Facebook Passwords, Information Need to Be Kept Private

 
 
By Wayne Rash  |  Posted 2012-03-27 Email Print this article Print
 
 
 
 
 
 
 

NEWS ANALYSIS: U.S. Senators Charles Schumer and Richard Blumenthal say asking for social media passwords may be a violation of federal law. For job applicants and employers, this could open a potential legal minefield.

The recent practice of employers and would-be employers requesting Facebook and other social network log-in information is probably a violation of equal employment laws, say two Senators. U.S. Senators Charles Schumer (D-N.Y.) and Richard Blumenthal (D-Conn.) have asked the U.S. Equal Employment Opportunity Commission (EEOC) and the U.S. Department of Justice to investigate the practice of requiring job applicants and employees to provide their social network log-in information as a condition of employment.

The senators sent a letter to the EEOC regarding the practice. Schumer and Blumenthal noted that some jobs require comprehensive background checks, but that access to private information on social media sites could give those employers information that they are not permitted to request under federal law, such as race, religion, marital status or pregnancy status along with other protected information.

The senators also wrote a letter to U.S. Attorney General Eric Holder asking the Justice Department to investigate whether the practice of requesting Facebook credentials violates the Stored Communications Act (SCA) (18 U.S.C. § 2701) of the Computer Fraud and Abuse Act (18 U.S.C. § 1030(a)(2)(C)). In their letter, Schumer and Blumenthal asked Holder to issue a legal opinion as to whether requesting and using prospective employees€™ social network passwords violates federal law.

€œTwo courts have found that when supervisors request employee log-in credentials, and access otherwise private information with those credentials, that those supervisors may be subject to civil liability under the SCA,€ the Senators said in their letter. €œSee Pietrylo vs. Hillstone Restaurant Group, 2009 WL 3128420 (D.N.J. 2009); Konop vs. Hawaiian Airlines, Inc., 302 F.3d 868 (9th Cir. 2002). Although these cases involved current employees, the courts€™ reasoning does not clearly distinguish between employees and applicants.€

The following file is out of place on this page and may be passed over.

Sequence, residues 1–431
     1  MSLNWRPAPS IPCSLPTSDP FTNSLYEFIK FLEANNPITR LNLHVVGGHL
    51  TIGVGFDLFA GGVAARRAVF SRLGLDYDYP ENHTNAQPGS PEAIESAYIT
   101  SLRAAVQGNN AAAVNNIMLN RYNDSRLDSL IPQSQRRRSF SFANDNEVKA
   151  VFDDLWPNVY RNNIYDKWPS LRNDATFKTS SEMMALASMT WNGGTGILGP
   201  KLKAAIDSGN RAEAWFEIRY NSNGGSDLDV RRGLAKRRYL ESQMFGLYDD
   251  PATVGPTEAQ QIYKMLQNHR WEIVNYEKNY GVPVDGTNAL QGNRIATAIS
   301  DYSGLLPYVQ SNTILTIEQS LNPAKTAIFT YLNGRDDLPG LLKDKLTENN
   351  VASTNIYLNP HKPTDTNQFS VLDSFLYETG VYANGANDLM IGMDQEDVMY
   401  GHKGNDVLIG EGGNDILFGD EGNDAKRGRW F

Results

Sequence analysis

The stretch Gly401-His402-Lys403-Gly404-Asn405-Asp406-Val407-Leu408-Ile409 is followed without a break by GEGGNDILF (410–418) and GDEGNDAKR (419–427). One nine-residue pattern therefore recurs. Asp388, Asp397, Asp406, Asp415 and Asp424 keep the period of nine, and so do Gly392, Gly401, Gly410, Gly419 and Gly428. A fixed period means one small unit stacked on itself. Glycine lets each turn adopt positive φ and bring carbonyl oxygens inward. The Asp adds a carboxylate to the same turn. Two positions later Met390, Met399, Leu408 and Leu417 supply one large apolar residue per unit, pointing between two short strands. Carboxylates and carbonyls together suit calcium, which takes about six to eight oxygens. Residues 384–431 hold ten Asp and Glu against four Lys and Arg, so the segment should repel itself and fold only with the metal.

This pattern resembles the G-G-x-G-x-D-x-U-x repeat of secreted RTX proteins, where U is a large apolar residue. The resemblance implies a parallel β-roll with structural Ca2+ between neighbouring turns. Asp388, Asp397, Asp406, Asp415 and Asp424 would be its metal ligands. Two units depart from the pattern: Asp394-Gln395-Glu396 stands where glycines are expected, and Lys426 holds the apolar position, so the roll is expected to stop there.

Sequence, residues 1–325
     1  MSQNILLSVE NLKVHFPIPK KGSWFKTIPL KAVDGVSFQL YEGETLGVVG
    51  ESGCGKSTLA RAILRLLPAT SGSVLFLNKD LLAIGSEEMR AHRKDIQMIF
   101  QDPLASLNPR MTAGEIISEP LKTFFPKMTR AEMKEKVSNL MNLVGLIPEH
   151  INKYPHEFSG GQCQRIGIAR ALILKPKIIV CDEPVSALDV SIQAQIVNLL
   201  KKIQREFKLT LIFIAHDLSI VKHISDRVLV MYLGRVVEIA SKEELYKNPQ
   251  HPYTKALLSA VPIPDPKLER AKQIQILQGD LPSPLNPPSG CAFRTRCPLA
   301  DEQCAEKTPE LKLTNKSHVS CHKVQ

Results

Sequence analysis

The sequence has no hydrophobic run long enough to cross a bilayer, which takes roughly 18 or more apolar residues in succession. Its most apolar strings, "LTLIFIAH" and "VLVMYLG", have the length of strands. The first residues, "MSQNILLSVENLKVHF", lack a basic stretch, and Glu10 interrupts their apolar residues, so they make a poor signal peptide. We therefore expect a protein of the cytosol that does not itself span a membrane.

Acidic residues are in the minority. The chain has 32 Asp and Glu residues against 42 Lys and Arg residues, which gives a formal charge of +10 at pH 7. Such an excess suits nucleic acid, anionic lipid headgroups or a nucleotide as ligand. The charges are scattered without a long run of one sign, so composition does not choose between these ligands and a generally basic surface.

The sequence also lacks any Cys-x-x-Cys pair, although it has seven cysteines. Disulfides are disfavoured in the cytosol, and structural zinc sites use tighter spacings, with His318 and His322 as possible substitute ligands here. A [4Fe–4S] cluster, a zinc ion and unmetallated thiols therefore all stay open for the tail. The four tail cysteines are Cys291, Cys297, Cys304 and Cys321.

In their letter to the EEOC, the senators point out that access to private Facebook information allows prospective employers to see information they€™re not allowed to see under federal law.

€œThis allows employers to access private information, including personal communications, religious views, national origin, family history, gender, marital status and age,€ the Senators said in their EEOC letter. €œIf employers asked for some of this information directly, it would violate federal anti-discrimination law. We are concerned that collecting this sensitive information under the guise of a background check may simply be a pretext for discrimination.€



 
 
 
 
Wayne Rash Wayne Rash is a Senior Analyst for eWEEK Labs and runs the magazine's Washington Bureau. Prior to joining eWEEK as a Senior Writer on wireless technology, he was a Senior Contributing Editor and previously a Senior Analyst in the InfoWorld Test Center. He was also a reviewer for Federal Computer Week and Information Security Magazine. Previously, he ran the reviews and events departments at CMP's InternetWeek.

He is a retired naval officer, a former principal at American Management Systems and a long-time columnist for Byte Magazine. He is a regular contributor to Plane & Pilot Magazine and The Washington Post.
 
 
 
 
 
 
 

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